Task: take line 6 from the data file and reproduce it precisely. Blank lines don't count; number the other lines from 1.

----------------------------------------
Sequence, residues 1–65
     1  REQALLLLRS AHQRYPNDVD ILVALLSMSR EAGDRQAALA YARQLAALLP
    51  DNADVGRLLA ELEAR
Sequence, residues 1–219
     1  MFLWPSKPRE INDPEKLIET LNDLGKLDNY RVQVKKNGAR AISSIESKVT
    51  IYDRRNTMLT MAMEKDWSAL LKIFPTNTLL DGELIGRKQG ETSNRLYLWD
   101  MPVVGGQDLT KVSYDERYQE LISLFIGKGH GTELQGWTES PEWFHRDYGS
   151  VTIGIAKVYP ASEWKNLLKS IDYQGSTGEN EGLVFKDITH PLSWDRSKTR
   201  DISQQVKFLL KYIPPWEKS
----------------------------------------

    51  IYDRRNTMLT MAMEKDWSAL LKIFPTNTLL DGELIGRKQG ETSNRLYLWD